Review: When the Marquess Falls

Review: When the Marquess FallsWhen the Marquess Falls (Hellions of Havisham, #3.5) by Lorraine Heath
Series: The Hellions of Havisham #3.5
Published by Avon Impulse on March 14th 2017
Genres: Historical
Pages: 128

This review contains a serious spoiler if you haven’t read the other books in the series.

FINAL DECISION: Know the secret of this book, grieve with every word, and read it anyway.

THE STORY: George, the Marquess of Marsden has been friends with the baker’s daughter, Linnie Connor, since they were children. Although he knows he loves her, George knows that there cannot be any future between them because of the difference in their stations. With their friendship on a deadline (Linnie plans to move to London to open her own shop and George knows he must marry) the two cannot stop the deep and forbidden passion that flares between them.

OPINION: I have had this book for months and just couldn’t bring myself to read it. This book has a horrible middle that readers of the series will know about — the heroine dies young in childbirth. Yet, it is a beautiful romance even if it doesn’t fit the standard confines of the genre.

The story between George and Linnie is more beautiful knowing that it is both such a short story and a long romance. While this won’t be a book that I will pick up again and again to read, I greatly admire Heath for writing this book. Most writers would have left readers with — the romance is not a HEA and thus there is nothing more to write. Heath instead rises to the challenge and gives readers a book that has a happy ever even if it is not in this life.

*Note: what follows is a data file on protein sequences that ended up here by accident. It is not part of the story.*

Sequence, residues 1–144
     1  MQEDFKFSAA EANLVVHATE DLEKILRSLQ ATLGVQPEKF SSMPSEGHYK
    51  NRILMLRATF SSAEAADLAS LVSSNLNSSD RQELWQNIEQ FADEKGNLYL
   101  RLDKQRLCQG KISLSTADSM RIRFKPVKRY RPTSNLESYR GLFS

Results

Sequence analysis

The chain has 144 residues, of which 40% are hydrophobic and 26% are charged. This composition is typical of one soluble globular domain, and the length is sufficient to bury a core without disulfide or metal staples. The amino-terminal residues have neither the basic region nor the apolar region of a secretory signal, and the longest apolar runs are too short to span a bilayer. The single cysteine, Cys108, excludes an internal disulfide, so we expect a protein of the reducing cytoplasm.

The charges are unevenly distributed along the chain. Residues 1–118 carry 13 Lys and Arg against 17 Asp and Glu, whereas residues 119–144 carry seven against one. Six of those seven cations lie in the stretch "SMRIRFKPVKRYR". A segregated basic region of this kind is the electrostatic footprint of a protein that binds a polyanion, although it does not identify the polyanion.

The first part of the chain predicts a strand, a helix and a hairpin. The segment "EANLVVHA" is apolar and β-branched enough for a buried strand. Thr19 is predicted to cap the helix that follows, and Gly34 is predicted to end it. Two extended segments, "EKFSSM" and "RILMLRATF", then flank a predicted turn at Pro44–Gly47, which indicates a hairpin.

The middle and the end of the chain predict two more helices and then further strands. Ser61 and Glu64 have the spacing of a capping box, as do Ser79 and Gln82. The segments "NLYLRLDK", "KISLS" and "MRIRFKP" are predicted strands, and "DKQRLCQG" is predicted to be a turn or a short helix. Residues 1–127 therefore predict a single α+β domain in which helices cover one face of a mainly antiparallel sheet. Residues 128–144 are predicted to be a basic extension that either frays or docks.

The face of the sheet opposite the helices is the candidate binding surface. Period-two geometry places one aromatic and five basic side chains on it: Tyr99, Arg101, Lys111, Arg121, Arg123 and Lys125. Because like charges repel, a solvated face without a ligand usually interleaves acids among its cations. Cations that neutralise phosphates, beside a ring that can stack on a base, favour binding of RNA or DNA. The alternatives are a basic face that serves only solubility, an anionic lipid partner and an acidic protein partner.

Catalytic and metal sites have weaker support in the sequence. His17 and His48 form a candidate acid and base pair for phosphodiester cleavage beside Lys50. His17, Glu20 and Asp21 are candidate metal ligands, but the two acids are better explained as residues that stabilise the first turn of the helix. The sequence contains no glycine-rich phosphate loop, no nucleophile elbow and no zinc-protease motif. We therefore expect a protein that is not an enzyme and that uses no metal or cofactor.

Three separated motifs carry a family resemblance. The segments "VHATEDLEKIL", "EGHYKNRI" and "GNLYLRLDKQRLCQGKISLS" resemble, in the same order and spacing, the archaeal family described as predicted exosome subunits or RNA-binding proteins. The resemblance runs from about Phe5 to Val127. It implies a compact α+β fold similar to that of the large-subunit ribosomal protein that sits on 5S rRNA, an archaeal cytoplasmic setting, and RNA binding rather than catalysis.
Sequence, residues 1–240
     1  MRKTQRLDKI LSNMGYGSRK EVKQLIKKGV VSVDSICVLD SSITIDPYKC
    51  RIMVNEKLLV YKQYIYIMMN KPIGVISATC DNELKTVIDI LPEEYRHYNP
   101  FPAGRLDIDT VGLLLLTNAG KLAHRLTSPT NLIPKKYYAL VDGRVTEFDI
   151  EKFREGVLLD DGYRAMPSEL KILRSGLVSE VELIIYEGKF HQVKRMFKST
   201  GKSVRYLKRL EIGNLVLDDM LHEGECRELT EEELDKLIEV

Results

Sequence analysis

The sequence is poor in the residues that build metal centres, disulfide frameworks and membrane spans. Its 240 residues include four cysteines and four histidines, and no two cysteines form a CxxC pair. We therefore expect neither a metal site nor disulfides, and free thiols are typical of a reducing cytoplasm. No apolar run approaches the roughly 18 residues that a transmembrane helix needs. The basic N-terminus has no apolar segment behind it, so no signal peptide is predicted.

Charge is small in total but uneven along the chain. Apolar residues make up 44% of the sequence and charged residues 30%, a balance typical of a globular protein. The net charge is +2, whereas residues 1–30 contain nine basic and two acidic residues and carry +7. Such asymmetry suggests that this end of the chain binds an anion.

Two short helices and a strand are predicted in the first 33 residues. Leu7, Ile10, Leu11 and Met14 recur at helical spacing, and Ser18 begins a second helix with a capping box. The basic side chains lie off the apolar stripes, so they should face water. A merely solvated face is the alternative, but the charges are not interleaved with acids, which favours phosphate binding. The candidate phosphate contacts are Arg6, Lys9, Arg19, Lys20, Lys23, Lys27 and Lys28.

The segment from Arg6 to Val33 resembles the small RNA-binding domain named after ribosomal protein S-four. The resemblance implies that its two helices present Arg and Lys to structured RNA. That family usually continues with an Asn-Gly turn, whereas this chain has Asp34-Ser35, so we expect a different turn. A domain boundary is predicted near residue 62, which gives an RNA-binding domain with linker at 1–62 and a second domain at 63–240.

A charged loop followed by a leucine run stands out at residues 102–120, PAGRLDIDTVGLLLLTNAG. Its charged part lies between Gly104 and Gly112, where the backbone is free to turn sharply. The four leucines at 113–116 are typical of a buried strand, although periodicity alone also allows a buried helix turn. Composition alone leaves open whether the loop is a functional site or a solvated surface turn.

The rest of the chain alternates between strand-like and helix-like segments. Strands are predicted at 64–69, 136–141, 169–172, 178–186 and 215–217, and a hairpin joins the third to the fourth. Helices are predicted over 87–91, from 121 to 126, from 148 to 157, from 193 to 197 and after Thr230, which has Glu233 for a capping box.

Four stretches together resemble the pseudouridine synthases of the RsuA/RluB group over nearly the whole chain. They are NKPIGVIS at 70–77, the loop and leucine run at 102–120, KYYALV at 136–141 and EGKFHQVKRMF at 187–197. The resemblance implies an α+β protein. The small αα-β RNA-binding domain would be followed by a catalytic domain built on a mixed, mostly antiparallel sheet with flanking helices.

WORTH MENTIONING: I cried and cried and cried.

CONNECTED BOOKS: WHEN THE MARQUESS FALLS is book 3.5 in the Hellions of Havisham series. In some ways it is both a prequel and a sequel for the series. I think this book is better read after the series.

STAR RATING: I give this book 4 stars.


Review: The Viscount and the Vixen

Review: The Viscount and the VixenThe Viscount and the Vixen (Hellions of Havisham, #3) by Lorraine Heath
Published by Avon on November 29th 2016
Genres: Historical
Pages: 389

FINAL DECISION: With a heroine who is unusual in historical romances, this book shatters traditional romance tropes. Deeply emotional and difficult, I ended up liking it quite a bit, but had to struggle with it a bit.

THE STORY: Viscount Locksley intends to save his mad father from a mercenary woman who has shown up to marry him. Instead Locke marries her himself because he knows that while he wants her, she is the type of woman he could never love. Portia Gadstone is desperate for security and is forced to agree to marry Locke in his father’s place. Two people who plan never to love find that getting to know one another changes everything — until secrets from the past threaten everything.